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Threatened and Endangered Species Spalding's Campion Fact Sheet

Threatened and Endangered Species: Spalding's Campion Silene spaldingii Fact Sheet

OFFICIAL STATUS: Threatened - Montana.
Threatened species are species that are likely to become endangered within the foreseeable future throughout all or a significant portion of their range.

LISTED: 66 Federal Register 51597, October 2001.

HISTORICAL STATUS: Spalding’s campion was once found throughout the Palouse prairie and canyon grasslands of the Pacific Northwest bunchgrass habitat type in southeastern Washington, northwestern Montana, adjacent portions of Idaho and Oregon, and British Columbia.

PRESENT STATUS: There are currently 99 known populations of Spalding’s campion in Idaho, Montana, Oregon, Washington, and British Columbia, Canada. Of the known populations, 66 have fewer than 100 individuals each, 23 have 100 or more individual each, and the 10 largest populations are each made up of more than 500 plants. In Montana, populations have been located in the intermountain valleys of Flathead, Lake, Lincoln, and Sanders Counties.

HABITAT: This plant is primarily found in mesic (not extremely wet nor extremely dry) Pacific bunchgrass prairie dominated by native perennial grasses such as Idaho and rough fescue. Other associated plant species include bluebunch wheatgrass, prairie junegrass, snowberry, Nootka rose, yarrow, prairie smoke, sticky geranium, and arrowleaf balsamroot. This vegetation type occurs on the rolling Palouse prairie and in steep, dissected canyon grasslands. The elevation range is between 1,500 and 5,100 feet.

LIFE HISTORY: Silene spaldingii is a long-lived, perennial forb. Reproduction is by seed only; the plant has no rhizomes, stolons, or other means of vegetative reproduction. Flowering occurs during July and early August.

AID TO IDENTIFICATION: Spalding’s campion is a perennial forb with a simple or branched rootcrown. Stems are 8-24 inches tall with 4-7 pairs of opposite, sessile leaves that are about 2-3 inches long below and gradually reduced in size upward. The nodes (points of leaf attachment to the stem) are somewhat swollen, as is characteristic of the carnation, or pink, family. The leaves and stems are covered with long, sticky hairs. The sticky, tubular calyx is about 1-5/8 inches long and has 10 nerves on its surface. The corolla has 5 separate, white petals, each composed of a narrow claw that is expanded into a broadened blade above. Only the entire or shallowly-lobed blade with 4 tiny wings at the base protrudes beyond the mouth of the calyx.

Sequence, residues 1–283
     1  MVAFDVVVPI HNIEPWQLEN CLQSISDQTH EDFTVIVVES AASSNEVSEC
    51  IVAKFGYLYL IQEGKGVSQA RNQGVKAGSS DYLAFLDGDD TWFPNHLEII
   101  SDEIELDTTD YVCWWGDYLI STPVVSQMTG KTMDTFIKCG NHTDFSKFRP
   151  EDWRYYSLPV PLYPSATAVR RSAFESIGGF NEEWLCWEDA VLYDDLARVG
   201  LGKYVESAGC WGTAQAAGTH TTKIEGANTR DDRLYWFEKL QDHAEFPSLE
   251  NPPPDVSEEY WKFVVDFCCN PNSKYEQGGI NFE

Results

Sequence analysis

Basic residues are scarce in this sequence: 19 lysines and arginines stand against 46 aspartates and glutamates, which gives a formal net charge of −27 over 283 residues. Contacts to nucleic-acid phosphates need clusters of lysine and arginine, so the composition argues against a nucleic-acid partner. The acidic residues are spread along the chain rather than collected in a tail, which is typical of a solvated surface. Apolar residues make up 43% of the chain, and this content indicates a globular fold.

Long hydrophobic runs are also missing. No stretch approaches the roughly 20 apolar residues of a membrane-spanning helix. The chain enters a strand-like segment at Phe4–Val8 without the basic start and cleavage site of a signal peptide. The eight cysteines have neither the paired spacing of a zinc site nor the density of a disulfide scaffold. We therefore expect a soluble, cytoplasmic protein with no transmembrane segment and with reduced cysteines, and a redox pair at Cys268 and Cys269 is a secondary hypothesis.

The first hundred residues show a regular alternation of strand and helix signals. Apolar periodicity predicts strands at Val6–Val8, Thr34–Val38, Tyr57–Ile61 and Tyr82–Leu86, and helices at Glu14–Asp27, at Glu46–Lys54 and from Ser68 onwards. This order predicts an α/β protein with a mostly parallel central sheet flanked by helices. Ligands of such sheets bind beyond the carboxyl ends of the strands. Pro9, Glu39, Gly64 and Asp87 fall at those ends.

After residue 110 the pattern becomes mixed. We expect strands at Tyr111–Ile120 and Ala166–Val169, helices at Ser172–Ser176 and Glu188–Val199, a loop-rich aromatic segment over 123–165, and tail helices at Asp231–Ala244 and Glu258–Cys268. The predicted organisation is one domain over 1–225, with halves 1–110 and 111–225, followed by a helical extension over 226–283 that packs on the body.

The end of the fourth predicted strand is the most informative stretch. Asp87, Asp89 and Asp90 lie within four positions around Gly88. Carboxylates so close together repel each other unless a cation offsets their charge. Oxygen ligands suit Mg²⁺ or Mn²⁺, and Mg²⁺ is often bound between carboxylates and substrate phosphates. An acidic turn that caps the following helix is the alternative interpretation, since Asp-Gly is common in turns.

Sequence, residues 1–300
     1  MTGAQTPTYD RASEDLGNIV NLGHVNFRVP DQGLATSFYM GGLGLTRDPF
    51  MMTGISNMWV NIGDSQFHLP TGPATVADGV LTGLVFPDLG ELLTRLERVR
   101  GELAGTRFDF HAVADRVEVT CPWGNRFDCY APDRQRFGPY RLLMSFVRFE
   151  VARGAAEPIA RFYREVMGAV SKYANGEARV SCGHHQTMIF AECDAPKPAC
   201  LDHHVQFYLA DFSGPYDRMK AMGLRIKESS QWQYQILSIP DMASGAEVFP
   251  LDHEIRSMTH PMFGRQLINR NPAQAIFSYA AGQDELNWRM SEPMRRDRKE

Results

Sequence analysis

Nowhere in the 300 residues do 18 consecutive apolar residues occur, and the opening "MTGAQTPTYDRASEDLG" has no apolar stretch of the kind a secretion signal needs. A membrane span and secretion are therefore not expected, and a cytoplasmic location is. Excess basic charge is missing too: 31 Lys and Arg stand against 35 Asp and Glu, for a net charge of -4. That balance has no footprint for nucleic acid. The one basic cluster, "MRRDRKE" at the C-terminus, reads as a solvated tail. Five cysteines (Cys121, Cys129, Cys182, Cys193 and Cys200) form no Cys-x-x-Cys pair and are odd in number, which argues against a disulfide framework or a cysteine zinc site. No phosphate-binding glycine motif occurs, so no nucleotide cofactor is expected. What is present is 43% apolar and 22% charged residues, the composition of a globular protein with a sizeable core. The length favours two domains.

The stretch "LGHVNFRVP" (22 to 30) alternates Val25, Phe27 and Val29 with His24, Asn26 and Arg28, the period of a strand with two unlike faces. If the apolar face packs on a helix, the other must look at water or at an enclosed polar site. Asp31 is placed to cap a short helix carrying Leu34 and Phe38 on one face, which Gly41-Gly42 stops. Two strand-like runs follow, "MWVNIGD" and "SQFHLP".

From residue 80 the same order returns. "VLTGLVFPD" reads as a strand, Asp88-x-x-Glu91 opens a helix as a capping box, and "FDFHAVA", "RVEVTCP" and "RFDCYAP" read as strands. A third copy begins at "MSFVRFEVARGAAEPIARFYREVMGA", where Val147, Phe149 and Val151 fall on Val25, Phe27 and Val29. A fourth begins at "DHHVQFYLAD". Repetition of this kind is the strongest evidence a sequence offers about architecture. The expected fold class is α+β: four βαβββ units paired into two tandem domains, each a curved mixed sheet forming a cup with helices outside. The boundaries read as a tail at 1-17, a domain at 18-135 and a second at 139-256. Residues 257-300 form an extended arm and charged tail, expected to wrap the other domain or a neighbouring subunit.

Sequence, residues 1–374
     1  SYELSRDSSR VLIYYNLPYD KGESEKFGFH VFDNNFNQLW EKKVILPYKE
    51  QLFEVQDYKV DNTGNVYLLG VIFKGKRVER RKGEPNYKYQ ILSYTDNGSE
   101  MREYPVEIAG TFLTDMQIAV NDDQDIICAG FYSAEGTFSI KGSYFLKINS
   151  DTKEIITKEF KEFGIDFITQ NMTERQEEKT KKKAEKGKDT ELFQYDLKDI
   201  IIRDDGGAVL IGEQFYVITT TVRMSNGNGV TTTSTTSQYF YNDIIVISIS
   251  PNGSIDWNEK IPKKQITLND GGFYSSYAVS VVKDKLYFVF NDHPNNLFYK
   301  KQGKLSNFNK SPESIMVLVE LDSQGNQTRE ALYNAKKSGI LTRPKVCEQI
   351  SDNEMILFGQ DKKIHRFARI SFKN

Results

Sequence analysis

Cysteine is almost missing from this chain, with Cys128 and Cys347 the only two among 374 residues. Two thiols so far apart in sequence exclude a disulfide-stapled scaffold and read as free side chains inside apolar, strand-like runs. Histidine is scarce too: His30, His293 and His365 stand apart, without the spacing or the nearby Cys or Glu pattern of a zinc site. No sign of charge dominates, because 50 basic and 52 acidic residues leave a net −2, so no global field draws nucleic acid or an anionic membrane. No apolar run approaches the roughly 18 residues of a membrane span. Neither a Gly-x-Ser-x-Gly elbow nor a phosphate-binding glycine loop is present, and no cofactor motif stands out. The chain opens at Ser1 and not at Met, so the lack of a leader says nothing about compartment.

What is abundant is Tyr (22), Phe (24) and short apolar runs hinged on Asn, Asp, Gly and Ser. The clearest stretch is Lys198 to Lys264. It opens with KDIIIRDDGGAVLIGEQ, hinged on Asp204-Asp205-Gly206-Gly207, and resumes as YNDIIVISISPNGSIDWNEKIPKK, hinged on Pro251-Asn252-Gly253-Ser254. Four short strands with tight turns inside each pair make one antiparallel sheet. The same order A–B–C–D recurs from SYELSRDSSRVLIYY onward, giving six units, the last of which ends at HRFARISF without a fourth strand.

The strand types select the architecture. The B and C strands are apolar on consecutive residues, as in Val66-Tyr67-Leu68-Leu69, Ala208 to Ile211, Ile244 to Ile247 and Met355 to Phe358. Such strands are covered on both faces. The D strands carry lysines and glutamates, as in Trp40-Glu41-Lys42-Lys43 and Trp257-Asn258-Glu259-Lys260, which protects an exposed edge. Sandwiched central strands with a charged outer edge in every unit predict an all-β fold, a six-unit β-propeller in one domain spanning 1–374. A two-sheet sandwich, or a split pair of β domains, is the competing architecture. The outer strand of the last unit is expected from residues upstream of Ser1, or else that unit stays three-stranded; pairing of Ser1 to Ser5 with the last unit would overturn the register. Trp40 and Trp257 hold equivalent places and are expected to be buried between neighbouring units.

REASONS FOR DECLINE: Spalding’s campion is threatened by habitat destruction and fragmentation resulting from agricultural and urban development, grazing and trampling by livestock and native herbivores, herbicide treatment and drift, and competition from non-native plants. Over 98 percent of the Palouse prairie habitat has been impacted by agricultural conversion, grazing, weed invasion, altered fire regimes and urbanization. Canyon grasslands habitat has been primarily degraded by weed invasion and grazing practices.

RECOMMENDATIONS: Contact an NRCS biologist prior to implementing any activities which could impact Silene spaldingii habitat.

COMMENTS: Certain grazing practices and prescribed fire may benefit Spalding’s campion by enhancing seedling establishment through removal of excessive litter. Avoidance of grazing during the flowering period or, preferably, during the Silene spaldingii growing season, will reduce threats to this species.

REFERENCES: Listed on the Montana Natural Heritage Program web site.

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